Denmark has fired the starting pistol in its contest for a new fighter aircraft , sending out requests for information to four manufacturers .

Officials from the New Combat Aircraft Program have sent what they call Requests for Binding Information ( RBI ) to Boeing for the F/A-18F Super Hornet , to Eurofighter for the Typhoon , to Lockheed Martin for the F-35A and to Saab for the Gripen E, as the country looks to replace its aging fleet of F-16 Fighting Falcons. Dassault and its Rafale have not been invited.

Candidates are expected to return the information in July, with officials due to make a selection on the aircraft in mid-2015 based on the platform ’s ability to be updated during its operational life , its operations and maintenance costs , and also a willingness by the companies to develop industrial relationships with Danish industry .

The new aircraft are likely to enter service between 2020-2024, by which time the Danish F-16s will be up to 45 years old.

“This is a comprehensive and detailed information gathering to help provide the New Combat Aircraft Program with the best possible data base to analyze and evaluate the candidate aircraft on the various assessment areas ,” Danish officials say.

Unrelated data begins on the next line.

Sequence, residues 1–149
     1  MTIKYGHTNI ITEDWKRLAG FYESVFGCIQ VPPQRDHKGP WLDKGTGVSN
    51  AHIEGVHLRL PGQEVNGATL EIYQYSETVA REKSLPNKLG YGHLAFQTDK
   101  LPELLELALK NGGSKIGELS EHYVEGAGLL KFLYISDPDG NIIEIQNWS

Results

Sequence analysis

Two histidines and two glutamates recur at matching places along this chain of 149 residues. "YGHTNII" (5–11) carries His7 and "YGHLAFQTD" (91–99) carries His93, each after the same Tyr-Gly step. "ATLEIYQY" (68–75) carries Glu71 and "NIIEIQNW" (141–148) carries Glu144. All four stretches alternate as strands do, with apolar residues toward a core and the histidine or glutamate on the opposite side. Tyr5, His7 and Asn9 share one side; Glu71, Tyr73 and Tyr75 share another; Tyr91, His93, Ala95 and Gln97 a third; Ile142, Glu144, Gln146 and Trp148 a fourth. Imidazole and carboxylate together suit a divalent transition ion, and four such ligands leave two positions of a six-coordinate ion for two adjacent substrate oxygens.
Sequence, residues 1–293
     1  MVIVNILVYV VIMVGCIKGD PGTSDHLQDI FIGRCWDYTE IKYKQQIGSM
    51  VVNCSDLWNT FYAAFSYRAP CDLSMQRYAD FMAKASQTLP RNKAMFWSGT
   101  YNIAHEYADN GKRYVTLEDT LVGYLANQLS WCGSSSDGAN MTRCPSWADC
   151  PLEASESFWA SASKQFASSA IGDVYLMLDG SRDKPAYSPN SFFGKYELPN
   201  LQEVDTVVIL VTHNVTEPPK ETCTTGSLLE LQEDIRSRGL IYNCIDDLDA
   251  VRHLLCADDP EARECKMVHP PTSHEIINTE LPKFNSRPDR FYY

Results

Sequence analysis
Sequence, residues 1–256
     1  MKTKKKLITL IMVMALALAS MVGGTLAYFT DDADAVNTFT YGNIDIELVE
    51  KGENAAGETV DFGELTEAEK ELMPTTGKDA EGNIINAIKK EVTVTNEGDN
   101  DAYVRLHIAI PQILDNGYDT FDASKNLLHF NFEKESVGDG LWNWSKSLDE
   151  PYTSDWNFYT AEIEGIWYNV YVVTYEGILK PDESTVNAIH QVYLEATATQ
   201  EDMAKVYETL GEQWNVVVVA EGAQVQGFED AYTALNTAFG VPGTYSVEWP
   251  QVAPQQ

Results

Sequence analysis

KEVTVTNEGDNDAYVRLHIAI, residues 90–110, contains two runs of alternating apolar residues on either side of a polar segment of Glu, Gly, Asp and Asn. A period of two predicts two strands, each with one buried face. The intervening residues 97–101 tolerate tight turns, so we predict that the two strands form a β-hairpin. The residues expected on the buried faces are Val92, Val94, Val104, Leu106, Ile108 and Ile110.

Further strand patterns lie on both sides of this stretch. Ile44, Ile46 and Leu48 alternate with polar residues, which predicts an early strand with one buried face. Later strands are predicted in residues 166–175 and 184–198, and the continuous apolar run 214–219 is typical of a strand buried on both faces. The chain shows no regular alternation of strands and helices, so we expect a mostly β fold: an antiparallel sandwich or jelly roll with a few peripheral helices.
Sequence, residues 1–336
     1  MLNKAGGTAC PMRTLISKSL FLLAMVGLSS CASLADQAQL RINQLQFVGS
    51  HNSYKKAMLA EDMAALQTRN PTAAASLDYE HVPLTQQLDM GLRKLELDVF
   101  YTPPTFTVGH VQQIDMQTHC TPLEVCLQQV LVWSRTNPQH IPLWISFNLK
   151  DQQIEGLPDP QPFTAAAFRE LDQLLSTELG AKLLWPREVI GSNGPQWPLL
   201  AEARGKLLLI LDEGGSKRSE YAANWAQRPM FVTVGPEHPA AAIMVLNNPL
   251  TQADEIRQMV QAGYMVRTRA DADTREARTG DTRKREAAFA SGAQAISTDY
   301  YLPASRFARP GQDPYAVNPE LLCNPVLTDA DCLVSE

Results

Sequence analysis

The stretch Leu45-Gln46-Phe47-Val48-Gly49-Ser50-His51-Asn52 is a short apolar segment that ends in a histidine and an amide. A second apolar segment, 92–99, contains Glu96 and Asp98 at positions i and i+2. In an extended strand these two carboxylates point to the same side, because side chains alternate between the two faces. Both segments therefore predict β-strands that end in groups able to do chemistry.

Copenhagen announced in March last year that as part of its defense plan 2013-2017, it would embark on a search for a new fighter aircraft , an initiative originally started in 2005 but shelved in 2010.

Denmark is already a Level 3 signatory to the Joint Strike Fighter program , having signed up in 2002. Indeed, one of its F-16Bs is stationed at Edwards AFB , Calif. , to support the aircraft ’s flight test program . But being a signatory to the program does not oblige it to purchase the aircraft , and Danish industry has reportedly expressed disappointment about the amount of business won from the F-35 program .

Meanwhile, Boeing is planning to send the Super Hornet to the Royal Danish Air Force ’s main airshow at Karup , Denmark on June 22.